The Advertising Standards Authority (ASA) has this month launched the first stage of a project focused on misleading online adverts.

The research aims to explore people’s ability to recognise online ads as ads.

It has come about in response to a trend the advertising regulator has noticed ‘that has seen advertisers entering into commercial relationships with social media influencers and online publishers, the effect of which has sometimes been a blurring of the lines between advertising and editorial content’.

While this may seem more pertinent to consumer or lifestyle marketing – think, for example, of fashion bloggers singing the praises of a specific brand of jeans – it has relevance in professional or financial services as well.

Perhaps it’s even more important when it comes to the regulated financial services sector, where the strict financial promotions rules preclude a lot of approaches that would be ok in other industries.

Making online ads recognisable

One of the ways adverts are recognised, and identifiably different to other forms of content, is by being labelled as ads or promotions.

The ASA research includes a call for evidence which aims to find out more about what types of labelling helps people to understand when online content is advertising.

The trend towards relationships between influencers, advertisers and publishers has, the Authority says, ‘led to confusion and frustration amongst consumers, as well as uncertainty amongst influencers and online publications, about when and how content should be labelled as advertising’.

This blurring of the lines has made adverts less easily identifiable. This is problematic as – in the words of the ASA – ‘If people are unaware they are being advertised to, it is not only misleading but it also damages trust in advertising’.

Evolving digital platforms are changing ad regulation

Online content is proliferating, as are the channels where promotional activity may appear. Consumer expectations and the roles of advertisers, publishers and the ASA are changing in tandem.

Ad regulation needs to follow suit, as the visible differences between editorial and advertising become less obvious.

How does the ASA approach fit with FCA requirements?

If you already need to comply with Financial Conduct Authority (FCA) requirements, you’ll have to follow any new ASA rules on online ads as well as the financial regulator’s existing rules.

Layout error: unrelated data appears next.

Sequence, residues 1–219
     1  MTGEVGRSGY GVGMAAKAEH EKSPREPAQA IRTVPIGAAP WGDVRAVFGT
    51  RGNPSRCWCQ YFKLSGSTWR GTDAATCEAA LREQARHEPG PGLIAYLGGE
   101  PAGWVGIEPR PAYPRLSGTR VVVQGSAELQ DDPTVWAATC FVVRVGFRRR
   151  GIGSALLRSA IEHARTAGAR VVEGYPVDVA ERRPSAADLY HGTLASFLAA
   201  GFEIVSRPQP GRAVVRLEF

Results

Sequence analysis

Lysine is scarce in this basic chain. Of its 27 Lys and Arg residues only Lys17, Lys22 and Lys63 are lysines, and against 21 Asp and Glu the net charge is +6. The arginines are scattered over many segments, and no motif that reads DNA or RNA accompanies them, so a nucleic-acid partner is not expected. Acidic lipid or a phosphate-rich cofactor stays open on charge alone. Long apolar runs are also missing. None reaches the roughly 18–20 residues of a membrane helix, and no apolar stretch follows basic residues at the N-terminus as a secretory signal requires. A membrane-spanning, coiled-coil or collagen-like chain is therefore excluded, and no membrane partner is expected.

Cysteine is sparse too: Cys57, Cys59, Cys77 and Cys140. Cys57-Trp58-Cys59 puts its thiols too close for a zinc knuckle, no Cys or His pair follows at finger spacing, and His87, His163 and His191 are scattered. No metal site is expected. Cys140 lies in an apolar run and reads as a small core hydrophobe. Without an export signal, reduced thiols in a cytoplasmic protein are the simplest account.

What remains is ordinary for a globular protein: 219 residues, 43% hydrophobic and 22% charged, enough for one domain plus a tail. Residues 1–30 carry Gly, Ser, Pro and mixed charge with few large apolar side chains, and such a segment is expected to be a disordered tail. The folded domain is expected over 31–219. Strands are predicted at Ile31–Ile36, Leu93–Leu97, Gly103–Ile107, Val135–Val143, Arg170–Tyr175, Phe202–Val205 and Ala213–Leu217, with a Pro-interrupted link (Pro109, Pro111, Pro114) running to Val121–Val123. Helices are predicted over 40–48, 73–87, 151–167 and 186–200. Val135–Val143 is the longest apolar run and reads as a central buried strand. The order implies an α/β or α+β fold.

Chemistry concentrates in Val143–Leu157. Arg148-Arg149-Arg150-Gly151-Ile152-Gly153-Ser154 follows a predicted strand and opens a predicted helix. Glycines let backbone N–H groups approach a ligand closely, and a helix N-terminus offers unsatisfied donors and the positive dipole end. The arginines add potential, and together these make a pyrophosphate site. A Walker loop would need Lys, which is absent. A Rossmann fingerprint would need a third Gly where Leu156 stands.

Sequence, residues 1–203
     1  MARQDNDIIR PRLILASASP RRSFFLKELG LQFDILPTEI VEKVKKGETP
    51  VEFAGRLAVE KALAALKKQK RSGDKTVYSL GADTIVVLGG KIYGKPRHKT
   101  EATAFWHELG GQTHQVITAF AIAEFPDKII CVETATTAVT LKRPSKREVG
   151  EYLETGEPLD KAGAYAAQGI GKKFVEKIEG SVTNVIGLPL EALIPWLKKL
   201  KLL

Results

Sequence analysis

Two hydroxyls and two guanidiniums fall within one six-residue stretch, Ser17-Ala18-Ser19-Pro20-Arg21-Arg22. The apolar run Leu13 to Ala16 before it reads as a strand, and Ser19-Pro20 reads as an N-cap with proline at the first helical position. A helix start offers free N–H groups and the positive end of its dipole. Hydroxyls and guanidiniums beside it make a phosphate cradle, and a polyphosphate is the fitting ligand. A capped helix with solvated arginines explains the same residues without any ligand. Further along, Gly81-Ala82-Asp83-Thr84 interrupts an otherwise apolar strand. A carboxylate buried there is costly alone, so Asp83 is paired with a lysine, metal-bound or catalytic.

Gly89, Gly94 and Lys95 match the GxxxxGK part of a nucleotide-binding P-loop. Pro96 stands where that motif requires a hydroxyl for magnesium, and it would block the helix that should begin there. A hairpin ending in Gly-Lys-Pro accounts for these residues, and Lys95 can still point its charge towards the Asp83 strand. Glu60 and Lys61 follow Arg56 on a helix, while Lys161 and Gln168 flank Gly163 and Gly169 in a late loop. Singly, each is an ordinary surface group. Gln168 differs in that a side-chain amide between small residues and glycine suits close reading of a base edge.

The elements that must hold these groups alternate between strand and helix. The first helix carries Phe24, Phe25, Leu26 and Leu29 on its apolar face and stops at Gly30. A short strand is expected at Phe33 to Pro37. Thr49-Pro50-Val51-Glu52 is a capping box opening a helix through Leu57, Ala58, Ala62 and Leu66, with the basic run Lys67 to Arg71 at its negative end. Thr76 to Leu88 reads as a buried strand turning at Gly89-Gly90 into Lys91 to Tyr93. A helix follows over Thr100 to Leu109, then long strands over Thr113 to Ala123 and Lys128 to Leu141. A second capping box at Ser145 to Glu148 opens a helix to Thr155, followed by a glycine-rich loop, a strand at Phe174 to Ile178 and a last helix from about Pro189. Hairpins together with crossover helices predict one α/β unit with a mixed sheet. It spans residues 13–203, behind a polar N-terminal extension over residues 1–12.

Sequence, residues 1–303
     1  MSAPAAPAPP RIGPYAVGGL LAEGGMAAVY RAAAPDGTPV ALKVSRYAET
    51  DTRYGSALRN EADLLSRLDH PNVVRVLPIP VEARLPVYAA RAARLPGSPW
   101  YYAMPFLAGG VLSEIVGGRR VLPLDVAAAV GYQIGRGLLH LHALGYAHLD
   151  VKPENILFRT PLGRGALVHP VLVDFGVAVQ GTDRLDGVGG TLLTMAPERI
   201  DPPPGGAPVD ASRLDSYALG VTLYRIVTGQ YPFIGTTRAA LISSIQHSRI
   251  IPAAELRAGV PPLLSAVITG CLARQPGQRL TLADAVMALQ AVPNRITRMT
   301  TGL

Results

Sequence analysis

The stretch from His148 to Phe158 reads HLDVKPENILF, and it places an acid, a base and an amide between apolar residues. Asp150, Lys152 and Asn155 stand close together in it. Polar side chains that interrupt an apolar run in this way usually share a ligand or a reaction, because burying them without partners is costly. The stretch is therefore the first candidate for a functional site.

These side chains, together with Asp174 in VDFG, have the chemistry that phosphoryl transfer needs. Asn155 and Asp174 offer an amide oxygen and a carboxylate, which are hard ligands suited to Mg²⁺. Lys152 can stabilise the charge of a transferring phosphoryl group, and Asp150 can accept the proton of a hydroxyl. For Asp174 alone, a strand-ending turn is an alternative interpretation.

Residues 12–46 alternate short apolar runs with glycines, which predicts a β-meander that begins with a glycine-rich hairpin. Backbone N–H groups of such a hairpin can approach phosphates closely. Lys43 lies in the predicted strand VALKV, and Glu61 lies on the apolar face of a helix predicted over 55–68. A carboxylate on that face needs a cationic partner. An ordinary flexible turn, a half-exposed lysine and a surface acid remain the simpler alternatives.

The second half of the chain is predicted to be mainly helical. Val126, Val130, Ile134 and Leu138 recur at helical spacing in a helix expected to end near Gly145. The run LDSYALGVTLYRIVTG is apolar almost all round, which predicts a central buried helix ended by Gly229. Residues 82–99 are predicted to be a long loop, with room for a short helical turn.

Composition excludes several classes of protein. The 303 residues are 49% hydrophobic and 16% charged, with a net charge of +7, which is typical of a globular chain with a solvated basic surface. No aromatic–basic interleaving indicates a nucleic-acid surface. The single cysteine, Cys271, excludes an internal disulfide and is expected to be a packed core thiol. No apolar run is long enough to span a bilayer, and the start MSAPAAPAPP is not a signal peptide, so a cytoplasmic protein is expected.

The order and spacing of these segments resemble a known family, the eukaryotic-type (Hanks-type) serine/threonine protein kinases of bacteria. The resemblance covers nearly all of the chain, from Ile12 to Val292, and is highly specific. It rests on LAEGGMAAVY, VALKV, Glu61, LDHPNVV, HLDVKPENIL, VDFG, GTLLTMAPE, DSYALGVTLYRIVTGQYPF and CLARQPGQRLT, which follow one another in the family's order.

The FCA treats online content the same as printed material. This includes social media, where minimising compliance risk should already be a central component of your social media strategy.

When it comes to other online content – advertorials on publishers’ websites; blog posts; client surveys or other digital material – the standard financial promotion rules apply.

This means ensuring you get the requisite Compliance team sign off and making sure your copy meets FCA requirements around clarity, substantiating claims and making sure any reference to returns is compliant.

It means making sure you are following the FCA guidance on suitability, and including disclaimers with the required prominence.

All of this takes time – often in short supply when you’re trying to get financial promotions out the door. Make sure that your approvals process is as efficient as possible, perhaps exploring the potential for automated workflows to speed your processes and improve regulatory compliance.

What’s next for the ASA’s project?

The ASA’s call for evidence will be the start point to help the regulator evaluate its approach to ad labelling online.

It will help the ASA ensure that its approach to advising and regulating the ad industry is in tune with the way evolving digital platforms work, as well as being in line with consumers’ expectations and experience.

The regulator’s website has more information on the specific evidence the ASA is looking for. It is asking for any research or evidence to be submitted by Friday 13 April at adlabelling@asa.org.uk.

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